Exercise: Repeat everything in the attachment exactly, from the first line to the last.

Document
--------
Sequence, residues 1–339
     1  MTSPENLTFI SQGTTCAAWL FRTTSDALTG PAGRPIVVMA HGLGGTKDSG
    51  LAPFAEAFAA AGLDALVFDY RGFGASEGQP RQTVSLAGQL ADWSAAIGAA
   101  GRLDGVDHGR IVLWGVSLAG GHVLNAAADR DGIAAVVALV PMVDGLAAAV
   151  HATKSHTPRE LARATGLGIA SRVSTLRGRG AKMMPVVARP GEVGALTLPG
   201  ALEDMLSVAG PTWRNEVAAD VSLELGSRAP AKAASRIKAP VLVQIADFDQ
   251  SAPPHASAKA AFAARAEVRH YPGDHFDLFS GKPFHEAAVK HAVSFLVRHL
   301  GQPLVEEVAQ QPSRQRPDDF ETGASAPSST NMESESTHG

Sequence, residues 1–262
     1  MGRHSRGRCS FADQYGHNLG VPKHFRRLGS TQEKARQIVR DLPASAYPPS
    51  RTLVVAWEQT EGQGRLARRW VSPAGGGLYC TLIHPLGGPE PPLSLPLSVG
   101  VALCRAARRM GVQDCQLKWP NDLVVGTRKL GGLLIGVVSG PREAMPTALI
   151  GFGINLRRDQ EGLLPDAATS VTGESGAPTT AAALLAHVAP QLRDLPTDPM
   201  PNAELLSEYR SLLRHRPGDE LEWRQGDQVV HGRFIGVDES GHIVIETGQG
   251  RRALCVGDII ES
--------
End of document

Sequence, residues 1–339
     1  MTSPENLTFI SQGTTCAAWL FRTTSDALTG PAGRPIVVMA HGLGGTKDSG
    51  LAPFAEAFAA AGLDALVFDY RGFGASEGQP RQTVSLAGQL ADWSAAIGAA
   101  GRLDGVDHGR IVLWGVSLAG GHVLNAAADR DGIAAVVALV PMVDGLAAAV
   151  HATKSHTPRE LARATGLGIA SRVSTLRGRG AKMMPVVARP GEVGALTLPG
   201  ALEDMLSVAG PTWRNEVAAD VSLELGSRAP AKAASRIKAP VLVQIADFDQ
   251  SAPPHASAKA AFAARAEVRH YPGDHFDLFS GKPFHEAAVK HAVSFLVRHL
   301  GQPLVEEVAQ QPSRQRPDDF ETGASAPSST NMESESTHG

Sequence, residues 1–262
     1  MGRHSRGRCS FADQYGHNLG VPKHFRRLGS TQEKARQIVR DLPASAYPPS
    51  RTLVVAWEQT EGQGRLARRW VSPAGGGLYC TLIHPLGGPE PPLSLPLSVG
   101  VALCRAARRM GVQDCQLKWP NDLVVGTRKL GGLLIGVVSG PREAMPTALI
   151  GFGINLRRDQ EGLLPDAATS VTGESGAPTT AAALLAHVAP QLRDLPTDPM
   201  PNAELLSEYR SLLRHRPGDE LEWRQGDQVV HGRFIGVDES GHIVIETGQG
   251  RRALCVGDII ES